Back To The Future HCC Offers Nursing Refresher Course To Address The Area’s Ongoing Nursing Shortage

When looking at ways to address the persistent nursing shortage in Western Mass., Holyoke Community College found a two-pronged problem: facilities are scrambling to fill nursing positions, but licensed nurses looking to return to the field after an absence are finding that their skills are no longer up-to-date in today’s ever-changing health care world.


The school hopes to address both problems through a pilot program that began this fall; a nursing refresher course designed to ready licensed registered nurses for nursing jobs in the area’s hospitals and assisted living facilities.

With absences from the field ranging from three to 20 years, the seven students now enrolled in HCC’s first nursing refresher course are essentially studying what it means to be a nurse in today’s health care world. The 11-week course covers everything from patient care and medical administration to cultural diversity, pediatric and geriatric trends, and nursing documentation, which in part addresses the practices that are now commonplace due to HIPAA regulations for patient privacy and hospital security.

Beth Fiscella, a registered nurse and a geriatric and clinical specialist, is serving as the program’s director and primary instructor. She said the nurses enrolled in the refresher course have retained their licensing in Massachusetts in order to re-enter the field, but felt some apprehension about returning to a profession that has seen many changes in recent years.

“They read the news and see issues like the flu vaccine shortage, stem cell research, HIPAA, and of course, the nursing shortage on the front page,” she said. “They are a little nervous about getting into it, but they seem to be getting up to speed nicely.”

Fiscella said forming a support system and paying attention to current trends in nursing has become a large part of the course, in addition to studying more clinical subjects such as pain management and wound care.

“One of the subjects they are studying is the role of the registered nurse in 2004,” she said. “We look at the challenges they will face, and the part registered nurses play in protecting the public.”

After 22 hours of theory-based study, Fiscella said the nurses will complete 60 hours of clinical training in area hospitals and assisted living facilities. The clinical portion of the course is intensive – the students must complete five 12-hour shifts before receiving a certificate of completion of the course from HCC. But the college’s dean of Workforce Development, Keith Hensley, said the exhaustive nature of the program is a proactive measure to help licensed nurses re-join the workforce, thus helping to alleviate the nursing shortage.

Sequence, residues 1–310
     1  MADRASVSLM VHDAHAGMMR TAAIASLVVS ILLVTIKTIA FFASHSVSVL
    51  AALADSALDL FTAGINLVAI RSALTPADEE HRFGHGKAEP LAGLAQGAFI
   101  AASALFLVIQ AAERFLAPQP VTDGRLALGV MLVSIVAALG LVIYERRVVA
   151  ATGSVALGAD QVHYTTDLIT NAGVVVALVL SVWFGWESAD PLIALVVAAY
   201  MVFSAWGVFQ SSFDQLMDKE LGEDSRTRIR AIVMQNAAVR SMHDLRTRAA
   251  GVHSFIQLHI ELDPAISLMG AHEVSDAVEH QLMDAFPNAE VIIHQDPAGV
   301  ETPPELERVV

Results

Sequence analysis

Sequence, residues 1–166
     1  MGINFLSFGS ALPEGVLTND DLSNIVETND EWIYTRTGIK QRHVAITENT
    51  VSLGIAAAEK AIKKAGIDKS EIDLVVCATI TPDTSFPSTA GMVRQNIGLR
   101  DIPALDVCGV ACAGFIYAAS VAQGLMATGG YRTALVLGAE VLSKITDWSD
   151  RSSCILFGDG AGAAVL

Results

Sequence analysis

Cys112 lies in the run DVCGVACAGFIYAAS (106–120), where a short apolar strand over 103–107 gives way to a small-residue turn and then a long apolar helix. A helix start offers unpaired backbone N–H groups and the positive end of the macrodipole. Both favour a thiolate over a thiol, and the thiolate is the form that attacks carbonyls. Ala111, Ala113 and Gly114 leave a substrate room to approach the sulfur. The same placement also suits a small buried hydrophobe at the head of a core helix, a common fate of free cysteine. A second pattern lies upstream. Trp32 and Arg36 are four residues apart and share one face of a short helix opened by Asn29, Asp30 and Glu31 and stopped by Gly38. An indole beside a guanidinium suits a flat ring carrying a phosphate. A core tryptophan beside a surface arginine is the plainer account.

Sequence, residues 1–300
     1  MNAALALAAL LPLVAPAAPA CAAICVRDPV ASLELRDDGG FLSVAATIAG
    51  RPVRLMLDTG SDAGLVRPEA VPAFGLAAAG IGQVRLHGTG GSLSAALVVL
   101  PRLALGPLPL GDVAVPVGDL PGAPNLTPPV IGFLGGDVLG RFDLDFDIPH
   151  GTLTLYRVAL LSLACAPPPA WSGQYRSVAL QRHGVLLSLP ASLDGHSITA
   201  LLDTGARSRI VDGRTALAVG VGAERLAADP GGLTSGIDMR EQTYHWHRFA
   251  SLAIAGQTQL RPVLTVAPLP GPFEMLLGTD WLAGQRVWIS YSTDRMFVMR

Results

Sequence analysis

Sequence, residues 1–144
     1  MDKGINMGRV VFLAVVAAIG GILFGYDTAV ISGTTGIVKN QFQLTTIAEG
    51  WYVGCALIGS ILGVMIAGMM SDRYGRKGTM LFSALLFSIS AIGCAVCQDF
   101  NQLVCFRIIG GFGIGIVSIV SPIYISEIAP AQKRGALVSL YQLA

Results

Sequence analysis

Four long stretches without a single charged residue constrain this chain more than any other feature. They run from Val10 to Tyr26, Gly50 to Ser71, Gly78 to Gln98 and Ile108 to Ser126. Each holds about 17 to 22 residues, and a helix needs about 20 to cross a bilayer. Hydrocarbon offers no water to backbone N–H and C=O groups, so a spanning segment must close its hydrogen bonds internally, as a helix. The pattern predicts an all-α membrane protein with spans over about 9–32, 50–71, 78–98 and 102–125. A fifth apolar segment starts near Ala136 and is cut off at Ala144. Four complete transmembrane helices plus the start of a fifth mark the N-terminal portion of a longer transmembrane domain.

“At this point, some of them may not be able to return to nursing without a refresher, because their skills don’t match what facilities need,” he explained. “The very reason this program was developed was to address changes in the nursing field. At some point, these students knew they would be returning to nursing, but now they need their skills to be up-to-date. After this course, with a certificate of completion in hand, I have no doubt that it will be fairly easy for the students to find work in the area.”

Hensley added that the course is being funded by grants from the Common-wealth Corporation and the Regional Employment Board of Hampden County, which each released requests for proposals in search of organizations hoping to develop programs to provide training and education to Massachusetts residents, in order to bolster the job market. The nursing shortage was of particular interest to both groups, and the grant awarded to HCC, a Nursing Career Ladder Initiative (NuCLI) grant, allowed the college to offer the course, as well as the necessary text books, free of charge to students.

Fiscella and Hensley both expect the fledgling program to be offered again, perhaps as early as the spring semester. Because the program is tailored to registered nurses and working adults who may have families and other obligations to juggle, the course does not coincide with the college’s regular semester schedule, and can instead be offered as need arises. Hensley said he hopes to increase the numbers of students enrolled in the program to about 12, and to eventually offer the program as part of the college’s Allied Health Institute’s regular curriculum.

“We see this program as a complement to HCC’s LPN and RN programs,” he said, “and necessary to help the region’s health care facilities to obtain the licensed nurse staffing they so desperately need.”

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